17.Our duty is therefore to consider and evaluate if the foregoing principles have been met in this case. For starters, there is no submission before us that there are conflicting decisions of this Court that raise a substantial point of law the determination of which will have a significant bearing on the public interest. The only ground cited is that the issues raised in the application are matters of general public importance. On identification of specific elements of general public importance, the mere enumeration of issues as matters of general public importance does not suffice; there must be cogent demonstration that the issues identified are within the ambit and definition of matters of general public importance.
18.The Supreme Court in the Hermanus Steyn case (Supra) at para. 58 stated:
19.In Strouds Judicial Dictionary, Volume 4 (IV Edition), 'public interest' is defined thus:
20.In Black's Law Dictionary (6thEdition), "public interest" is defined as follows:
21.In Dhanjal Investment Limited vs. Cosmos Holidays PLC  eKLR, the Supreme Court clarified that evidentiary matters are specific to the parties involved and, therefore, are not grounds for grant of certification. Likewise, in Housing Finance Company Limited & another vs. Sharok Kher Mohamed Ali Hirji & another  eKLR, the Supreme Court held that it cannot resolve factual disputes.
22.The Applicant herein intends to appeal against a decision by this Court declining its application to adduce further evidence in this appeal. Such applications are commonplace and principles guiding their grant have been well laid down. There is nothing inherently of general public importance in such applications. However, in this case, the basis upon which the Applicant contends that the issues involved are of general public importance is that the Applicant has in possession critical documents contradicting the evidence that led to the conclusive award that was granted to the Respondent; that the Respondent, a public officer, was an employee of the Kenya Marine & Fisheries Research Institute, a public entity governed by laws hence any proceedings or matters arising from his office can be deemed rightfully so as a matter of public interest; and that there is a need to set precedence and direction in dealing with officers who may use their positions to take advantage and misuse resources for their own personal gain.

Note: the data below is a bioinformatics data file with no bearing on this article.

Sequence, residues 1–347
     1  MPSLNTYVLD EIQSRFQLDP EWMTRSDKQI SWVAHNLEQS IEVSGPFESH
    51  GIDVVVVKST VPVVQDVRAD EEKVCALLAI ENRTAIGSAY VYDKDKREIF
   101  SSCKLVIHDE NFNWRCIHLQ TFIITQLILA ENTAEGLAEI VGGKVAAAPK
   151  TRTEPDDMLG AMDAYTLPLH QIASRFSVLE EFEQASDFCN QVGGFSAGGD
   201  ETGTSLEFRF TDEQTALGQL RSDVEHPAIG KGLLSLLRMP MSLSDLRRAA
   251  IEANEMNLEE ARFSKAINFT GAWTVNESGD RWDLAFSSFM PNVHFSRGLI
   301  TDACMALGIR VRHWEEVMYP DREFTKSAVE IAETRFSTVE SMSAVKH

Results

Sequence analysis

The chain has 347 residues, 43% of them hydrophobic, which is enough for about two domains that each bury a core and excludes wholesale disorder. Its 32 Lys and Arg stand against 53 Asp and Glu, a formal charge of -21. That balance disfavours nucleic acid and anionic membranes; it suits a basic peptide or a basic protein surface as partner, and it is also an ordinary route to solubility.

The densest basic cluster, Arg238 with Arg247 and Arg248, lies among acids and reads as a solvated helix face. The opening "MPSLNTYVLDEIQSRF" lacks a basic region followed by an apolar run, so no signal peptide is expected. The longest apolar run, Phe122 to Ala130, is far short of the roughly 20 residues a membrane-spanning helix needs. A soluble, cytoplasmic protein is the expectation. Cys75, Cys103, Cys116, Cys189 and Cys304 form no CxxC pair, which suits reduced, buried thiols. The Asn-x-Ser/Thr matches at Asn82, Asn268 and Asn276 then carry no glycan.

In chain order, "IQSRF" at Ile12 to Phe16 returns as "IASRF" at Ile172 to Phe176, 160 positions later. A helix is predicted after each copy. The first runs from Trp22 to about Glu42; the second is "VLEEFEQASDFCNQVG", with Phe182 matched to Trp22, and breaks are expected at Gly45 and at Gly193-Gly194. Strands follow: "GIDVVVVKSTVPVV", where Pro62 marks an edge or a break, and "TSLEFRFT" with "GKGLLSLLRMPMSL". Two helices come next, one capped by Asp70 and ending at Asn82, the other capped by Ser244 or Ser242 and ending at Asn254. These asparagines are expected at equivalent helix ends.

23.Starting with the first ground, we do not see how a matter revolving around adduction of further evidence will set precedence in the manner alleged. As for the positions held by the parties herein being in the public service, we do not subscribe to the view that where a dispute involves public officers or public institutions then they automatically satisfy the criteria for certification. In our view, it is the issues involved rather than the status or personalities involved that determine whether or not a matter is to be certified.
24.In this case no attempt was made to address us on the matter of law involved. As for factual matters, mere possession of documents that were not adduced at the trial does not satisfy the criteria. The Applicant has not addressed and satisfied us that the impacts and consequences of the factual issues surrounding the court’s decision to decline its prayer to adduce further evidence are substantial, broad based, transcending the litigation interests of the parties, and bearing upon the public interest.
25.Flowing from our analysis of the facts of this case, the law and the conclusions arrived at above, we are not satisfied that the Applicant has identified and concisely set out the specific elements of general public importance to merit the leave sought to lodge an appeal to the Supreme Court. The dispute between the parties was an employer/employee dispute and that Applicant has not shown how the decision declining leave to adduce further evidence on appeal in such a dispute is a matter of general public importance for the purposes granting certification for an appeal before the Supreme Court.
26.We have said enough to show that the Notice of Motion application dated 6th October, 2022 has no merit.Accordingly, it is dismissed with costs to the Respondent.
27.It is so ordered.